In partnership with the Shubert Theatre
Join composers and musical greats Walter Blanding and Ted Nash in a conversation about using their artistic gifts to highlight freedom and democracy in our contemporary culture. The conversation is a companion to "The Democracy! Suite" featuring The Jazz at Lincoln Center Orchestra Septet with Wynton Marsalis, presented by Jazz at Lincoln Center.
Moderated by Denise Santisteban, this talkback with musicians Walter Blanding and Ted Nash will take place after the limited-run, pre-recorded performance of "The Democracy! Suite." Learn more about that event here.
Walter Blanding was born into a musical family on August 14, 1971 in Cleveland, Ohio. He began playing the saxophone at age six and by age 16, he was performing regularly with his parents at the Village Gate. Blanding attended LaGuardia High School of Music and Art and Performing Arts and continued his studies at the New School for Social Research where he earned a B.F.A. in 2005. His 1991 debut release, Tough Young Tenors, was acclaimed as one of the best jazz albums of the year, and his artistry began to impress listeners and critics alike. He has been a member of the Jazz at Lincoln Center Orchestra since 1998 and has performed, toured and/or recorded with his own groups and with such renowned artists as the Cab Calloway Orchestra, Roy Hargrove, Hilton Ruiz, Count Basie Orchestra, Illinois Jacquet Big Band, Wycliffe Gordon, Marcus Roberts, Wynton Marsalis Quintet, Isaac Hayes, and many others. Blanding lived in Israel for four years and had a major impact on the music scene while touring the country with his own ensemble and with U.S. artists such as Louis Hayes, Eric Reed, Vanessa Rubin, and others invited to perform there. He taught music in several Israeli schools and eventually opened his own private school in Tel Aviv. During this period, Newsweek International called him a “Jazz Ambassador to Israel.”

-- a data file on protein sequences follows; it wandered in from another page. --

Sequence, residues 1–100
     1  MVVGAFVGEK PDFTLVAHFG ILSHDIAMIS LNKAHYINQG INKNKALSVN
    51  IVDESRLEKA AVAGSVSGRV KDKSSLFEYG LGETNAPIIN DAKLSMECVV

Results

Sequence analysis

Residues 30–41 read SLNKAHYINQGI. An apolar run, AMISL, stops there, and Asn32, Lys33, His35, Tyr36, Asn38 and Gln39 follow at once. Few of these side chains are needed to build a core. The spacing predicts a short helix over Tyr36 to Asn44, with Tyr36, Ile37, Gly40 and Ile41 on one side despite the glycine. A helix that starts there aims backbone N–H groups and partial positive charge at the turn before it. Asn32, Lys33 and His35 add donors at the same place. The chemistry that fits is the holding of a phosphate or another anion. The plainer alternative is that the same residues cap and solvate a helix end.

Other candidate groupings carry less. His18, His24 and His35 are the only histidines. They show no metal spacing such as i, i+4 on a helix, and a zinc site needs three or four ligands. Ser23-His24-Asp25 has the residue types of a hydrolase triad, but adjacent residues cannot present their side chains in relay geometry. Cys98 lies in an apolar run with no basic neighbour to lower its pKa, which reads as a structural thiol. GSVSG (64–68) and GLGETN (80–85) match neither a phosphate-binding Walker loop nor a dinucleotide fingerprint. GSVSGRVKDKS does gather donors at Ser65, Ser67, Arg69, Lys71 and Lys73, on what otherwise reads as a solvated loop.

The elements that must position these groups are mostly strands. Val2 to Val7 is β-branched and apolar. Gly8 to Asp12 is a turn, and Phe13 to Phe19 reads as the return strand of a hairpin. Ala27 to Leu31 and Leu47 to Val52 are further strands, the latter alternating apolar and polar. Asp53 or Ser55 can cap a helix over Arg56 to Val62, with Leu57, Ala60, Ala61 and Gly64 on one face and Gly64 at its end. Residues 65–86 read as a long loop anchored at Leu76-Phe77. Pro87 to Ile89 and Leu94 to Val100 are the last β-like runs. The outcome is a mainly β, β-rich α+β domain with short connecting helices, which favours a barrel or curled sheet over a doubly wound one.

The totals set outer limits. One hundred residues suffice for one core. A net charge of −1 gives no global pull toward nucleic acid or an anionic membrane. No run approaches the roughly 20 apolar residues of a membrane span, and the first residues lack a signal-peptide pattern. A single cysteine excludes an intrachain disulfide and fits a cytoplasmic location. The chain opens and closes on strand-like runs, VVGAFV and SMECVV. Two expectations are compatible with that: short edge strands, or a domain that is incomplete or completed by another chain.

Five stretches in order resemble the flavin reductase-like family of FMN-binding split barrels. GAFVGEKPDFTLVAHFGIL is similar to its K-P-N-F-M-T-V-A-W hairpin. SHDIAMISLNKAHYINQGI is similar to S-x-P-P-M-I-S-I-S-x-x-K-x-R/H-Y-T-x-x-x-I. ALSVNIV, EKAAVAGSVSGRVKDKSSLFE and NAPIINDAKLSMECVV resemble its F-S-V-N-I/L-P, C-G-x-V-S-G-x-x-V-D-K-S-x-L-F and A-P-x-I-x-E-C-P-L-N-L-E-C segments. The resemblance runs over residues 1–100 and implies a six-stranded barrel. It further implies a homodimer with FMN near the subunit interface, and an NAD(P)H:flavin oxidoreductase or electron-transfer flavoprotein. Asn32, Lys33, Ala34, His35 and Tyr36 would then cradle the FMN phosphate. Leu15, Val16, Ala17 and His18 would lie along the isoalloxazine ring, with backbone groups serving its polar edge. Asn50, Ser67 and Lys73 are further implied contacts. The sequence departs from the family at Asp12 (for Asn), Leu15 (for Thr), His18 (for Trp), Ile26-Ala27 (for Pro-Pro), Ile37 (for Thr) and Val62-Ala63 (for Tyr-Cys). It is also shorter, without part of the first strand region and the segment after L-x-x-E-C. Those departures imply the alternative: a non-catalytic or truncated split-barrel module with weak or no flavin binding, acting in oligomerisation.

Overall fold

Ted Nash was born into a musical family in Los Angeles. His father, Dick Nash, and uncle, the late Ted Nash, were both well-known jazz and studio musicians. The younger Nash exploded onto the jazz scene at eighteen, moved to New York and released his first album, Conception (Concord Jazz). He is co-leader of the Jazz Composers Collective and is constantly pushing the envelope in the world of “traditional jazz.” His group Odeon has often been cited as a creative focus of jazz. Many of Nash’s recordings have received critical acclaim, and have appeared on the “best of” lists in the New York Times, New Yorker, Village Voice, Boston Globe, and Newsday. His recordings, The Mancini Project (Palmetto Records) and Sidewalk Meeting (Arabesque Recordings), have been placed on several “best-of-decade” lists. His album Portrait in Seven Shades was recorded by the Jazz at Lincoln Center Orchestra and was released in 2010. The album is the first composition released by the JLCO featuring original music by a band member other than bandleader Wynton Marsalis.